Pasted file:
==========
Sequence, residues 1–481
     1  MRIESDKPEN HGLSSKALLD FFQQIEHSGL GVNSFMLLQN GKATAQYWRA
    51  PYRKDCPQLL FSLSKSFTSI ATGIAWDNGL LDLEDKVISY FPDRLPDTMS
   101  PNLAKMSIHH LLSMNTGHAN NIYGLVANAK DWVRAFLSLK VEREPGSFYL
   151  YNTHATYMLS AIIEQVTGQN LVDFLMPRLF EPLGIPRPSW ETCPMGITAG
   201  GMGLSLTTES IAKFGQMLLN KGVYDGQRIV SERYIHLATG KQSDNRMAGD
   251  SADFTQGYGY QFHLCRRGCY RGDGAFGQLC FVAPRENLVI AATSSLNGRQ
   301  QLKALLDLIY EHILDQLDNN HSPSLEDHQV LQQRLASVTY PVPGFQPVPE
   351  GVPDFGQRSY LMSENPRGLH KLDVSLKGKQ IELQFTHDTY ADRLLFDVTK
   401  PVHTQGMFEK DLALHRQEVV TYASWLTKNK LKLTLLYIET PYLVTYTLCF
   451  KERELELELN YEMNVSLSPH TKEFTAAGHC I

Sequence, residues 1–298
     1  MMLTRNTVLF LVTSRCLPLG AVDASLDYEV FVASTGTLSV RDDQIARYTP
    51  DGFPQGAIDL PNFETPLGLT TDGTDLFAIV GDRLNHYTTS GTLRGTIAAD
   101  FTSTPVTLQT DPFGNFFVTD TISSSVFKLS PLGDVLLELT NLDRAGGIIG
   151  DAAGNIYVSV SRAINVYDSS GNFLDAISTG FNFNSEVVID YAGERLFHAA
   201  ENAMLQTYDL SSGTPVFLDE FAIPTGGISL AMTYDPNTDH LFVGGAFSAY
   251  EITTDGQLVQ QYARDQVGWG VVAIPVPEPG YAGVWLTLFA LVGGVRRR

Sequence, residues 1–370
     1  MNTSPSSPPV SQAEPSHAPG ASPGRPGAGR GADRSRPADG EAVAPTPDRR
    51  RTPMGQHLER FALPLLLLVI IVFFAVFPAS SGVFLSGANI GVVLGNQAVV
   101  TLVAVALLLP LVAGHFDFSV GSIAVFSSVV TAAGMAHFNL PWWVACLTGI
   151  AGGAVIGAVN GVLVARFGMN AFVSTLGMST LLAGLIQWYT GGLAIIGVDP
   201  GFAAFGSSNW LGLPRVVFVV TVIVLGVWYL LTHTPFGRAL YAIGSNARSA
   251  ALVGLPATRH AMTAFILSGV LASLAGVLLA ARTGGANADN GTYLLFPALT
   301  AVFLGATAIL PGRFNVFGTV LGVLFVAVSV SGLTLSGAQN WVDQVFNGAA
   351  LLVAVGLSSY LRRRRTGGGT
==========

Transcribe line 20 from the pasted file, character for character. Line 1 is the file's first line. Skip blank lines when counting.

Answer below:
     1  MNTSPSSPPV SQAEPSHAPG ASPGRPGAGR GADRSRPADG EAVAPTPDRR